| Make foodmate.com your Homepage | Wap | Archiver
Advanced Top
Search Promotion
Search Promotion
Post New Products
Post New Products
Business Center
Business Center
Current Position:Home » News » Beverages & Alcohol » Topic

Danimer Scientific and TotalEnergies Corbion create bioplastic coffee capsules

Zoom in font  Zoom out font Published: 2023-04-20  Origin: foodingredientsfirst
Core Tip: Danimer Scientific and TotalEnergies Corbion have developed a new compostable coffee pod biopolymer that complies with proposed EU packaging regulations.
Danimer Scientific and TotalEnergies Corbion have developed a new compostable coffee pod biopolymer that complies with proposed EU packaging regulations.

“By developing coffee pods that are fully compostable, we’ve addressed the problem of waste associated with single-use coffee pods while also eliminating the need to recycle since both our pods and their contents will biodegrade completely in both industrial and home environments,” Scott Tuten, chief marketing and sustainability officer at Danimer Scientific, tells.

The companies search to solve common coffee capsule issues such as used pods containing leftover grounds, which contaminates the capsule, preventing them from being recyclable. Similarly, packaging with the claim as “home compostable” was exposed for often not properly breaking down.

Coffee machine with capsule rack.
Bioplastic for home compostability
The companies began collaborating a few years ago to combine their materials to make an industrial and home compostable coffee pod.

“Home compostability sets these pods apart. This can be a higher bar to clear because certain bioplastics only fully degrade under certain conditions, such as the ones found inside an industrial composting facility,” says Tuten.

The companies devised a biopolymer that blends Danimer Scientific’s polyhydroxyalkanoate (PHA) Nodax with TotalEnergies Corbion’s Luminy High Heat polylactic acid (PLA) material – which has been certified by Technischer Überwachungsverein as home compostable and has passed numerous biodegradability tests.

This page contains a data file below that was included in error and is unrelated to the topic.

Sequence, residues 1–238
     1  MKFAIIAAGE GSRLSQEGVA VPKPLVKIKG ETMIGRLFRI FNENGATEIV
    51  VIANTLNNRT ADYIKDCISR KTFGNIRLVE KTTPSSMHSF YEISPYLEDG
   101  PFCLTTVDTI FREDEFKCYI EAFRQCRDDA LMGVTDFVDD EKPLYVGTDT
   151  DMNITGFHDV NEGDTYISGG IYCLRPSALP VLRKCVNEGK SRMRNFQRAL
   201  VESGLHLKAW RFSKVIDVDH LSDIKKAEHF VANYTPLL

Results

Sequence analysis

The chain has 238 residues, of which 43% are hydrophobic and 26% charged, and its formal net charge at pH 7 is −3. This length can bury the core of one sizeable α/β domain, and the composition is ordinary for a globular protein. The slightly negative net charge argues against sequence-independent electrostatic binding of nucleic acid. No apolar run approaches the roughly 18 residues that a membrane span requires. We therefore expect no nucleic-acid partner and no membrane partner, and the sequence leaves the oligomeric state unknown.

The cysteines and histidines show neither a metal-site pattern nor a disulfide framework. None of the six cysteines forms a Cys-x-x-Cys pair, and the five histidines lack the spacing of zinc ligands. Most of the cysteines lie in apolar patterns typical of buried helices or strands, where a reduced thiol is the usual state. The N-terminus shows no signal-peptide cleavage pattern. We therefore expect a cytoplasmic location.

Similarly, Nescafé Dolce Gusto released a hot beverage machine system with home-compostable pods dubbed the brand’s “most sustainable system to date.” The coffee pods are paper-based, home compostable and use 70% less packaging by weight than current capsules.

Danimer Scientific and TotalEnergies Corbion’s coffee capsule is being tested in the market by numerous European companies.

The companies plan to continue a long-term collaborative arrangement for the supply of Luminy PLA, a biobased polymer used to manufacture compostable products, Danimer Scientific saying this is their first of many collaborations to come.

EU compostable regulations
Last year, legislation as part of the European Commission’s version of the Packaging and Packaging Waste Directive stipulated that plastic packagings, such as tea bags, coffee pods, very light plastic bags and sticky labels for fruit and fruit and vegetables, must be compostable.

“The EU is proposing to mandate the use of compostable materials in applications that are not typically recycled. We see this as a positive step, as brand owners looking for packaging solutions would look to bioplastics manufacturers like Danimer Scientific, leading to further investment and innovation,” adds Tuten. Pile of coffee capsules.

“We certainly believe compostable coffee pods will grow in popularity, particularly in the EU, where they are being mandated through proposed new regulations.”

Recently, the European Bioplastics association called on the EU Parliament and Council to include coffee capsules in the proposed list for mandatorily compostable packaging applications as set out in the EC’s proposal for revised packaging rules (PPWR).

Compostable expansion
Tuten says that if the current packaging proposals made by the EU become law, it hopes and expects the packaging industry to start adopting solutions to stay in compliance. He continues that the packaging industry will follow if consumers push toward compostability and bioplastics.

“We think that as consumers grow more comfortable with single-use bioplastics and understand the many ways they’re superior to traditional petrochemical-based plastics, they’ll adjust their purchasing habits accordingly. We hope to see an eventual shift to composting at home to reduce pressure on landfills.”

“We hope that policymakers outside of the EU will also consider how compostable bioplastics can offer a practical solution to the problem of plastic waste,” Tuten concludes. 
keywords: coffee
[ News search ]  [ ]  [ Notify friends ]  [ Print ]  [ Close ]

0 in all [view all]  Related Comments

Hot Graphics
Hot News
Hot Topics
Processed in 0.089 second(s), 16 queries, Memory 0.85 M
Powered by Global FoodMate
Message Center(0)